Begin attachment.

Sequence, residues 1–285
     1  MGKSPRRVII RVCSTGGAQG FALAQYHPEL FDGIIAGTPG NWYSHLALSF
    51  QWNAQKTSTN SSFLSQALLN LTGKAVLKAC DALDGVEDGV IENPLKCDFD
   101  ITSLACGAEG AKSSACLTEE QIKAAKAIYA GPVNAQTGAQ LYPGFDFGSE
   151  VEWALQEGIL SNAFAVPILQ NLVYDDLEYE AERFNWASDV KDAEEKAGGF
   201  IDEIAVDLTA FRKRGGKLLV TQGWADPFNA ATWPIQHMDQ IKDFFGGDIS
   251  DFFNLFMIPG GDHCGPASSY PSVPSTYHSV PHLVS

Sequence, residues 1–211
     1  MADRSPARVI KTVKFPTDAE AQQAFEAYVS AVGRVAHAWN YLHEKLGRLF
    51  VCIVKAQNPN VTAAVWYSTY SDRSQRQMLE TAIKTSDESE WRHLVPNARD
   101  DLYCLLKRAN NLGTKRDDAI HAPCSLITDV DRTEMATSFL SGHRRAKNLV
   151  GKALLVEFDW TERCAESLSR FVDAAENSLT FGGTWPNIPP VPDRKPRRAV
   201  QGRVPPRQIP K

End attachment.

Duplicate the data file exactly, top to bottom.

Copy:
Sequence, residues 1–285
     1  MGKSPRRVII RVCSTGGAQG FALAQYHPEL FDGIIAGTPG NWYSHLALSF
    51  QWNAQKTSTN SSFLSQALLN LTGKAVLKAC DALDGVEDGV IENPLKCDFD
   101  ITSLACGAEG AKSSACLTEE QIKAAKAIYA GPVNAQTGAQ LYPGFDFGSE
   151  VEWALQEGIL SNAFAVPILQ NLVYDDLEYE AERFNWASDV KDAEEKAGGF
   201  IDEIAVDLTA FRKRGGKLLV TQGWADPFNA ATWPIQHMDQ IKDFFGGDIS
   251  DFFNLFMIPG GDHCGPASSY PSVPSTYHSV PHLVS

Sequence, residues 1–211
     1  MADRSPARVI KTVKFPTDAE AQQAFEAYVS AVGRVAHAWN YLHEKLGRLF
    51  VCIVKAQNPN VTAAVWYSTY SDRSQRQMLE TAIKTSDESE WRHLVPNARD
   101  DLYCLLKRAN NLGTKRDDAI HAPCSLITDV DRTEMATSFL SGHRRAKNLV
   151  GKALLVEFDW TERCAESLSR FVDAAENSLT FGGTWPNIPP VPDRKPRRAV
   201  QGRVPPRQIP K